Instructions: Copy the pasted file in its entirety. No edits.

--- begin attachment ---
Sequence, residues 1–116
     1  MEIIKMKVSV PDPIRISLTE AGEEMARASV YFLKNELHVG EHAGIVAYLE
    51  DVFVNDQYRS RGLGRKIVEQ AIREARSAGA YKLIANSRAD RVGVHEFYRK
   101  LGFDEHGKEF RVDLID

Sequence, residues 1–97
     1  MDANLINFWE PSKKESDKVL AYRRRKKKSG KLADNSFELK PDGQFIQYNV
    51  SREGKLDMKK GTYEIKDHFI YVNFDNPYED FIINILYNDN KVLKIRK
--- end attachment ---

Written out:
Sequence, residues 1–116
     1  MEIIKMKVSV PDPIRISLTE AGEEMARASV YFLKNELHVG EHAGIVAYLE
    51  DVFVNDQYRS RGLGRKIVEQ AIREARSAGA YKLIANSRAD RVGVHEFYRK
   101  LGFDEHGKEF RVDLID

Sequence, residues 1–97
     1  MDANLINFWE PSKKESDKVL AYRRRKKKSG KLADNSFELK PDGQFIQYNV
    51  SREGKLDMKK GTYEIKDHFI YVNFDNPYED FIINILYNDN KVLKIRK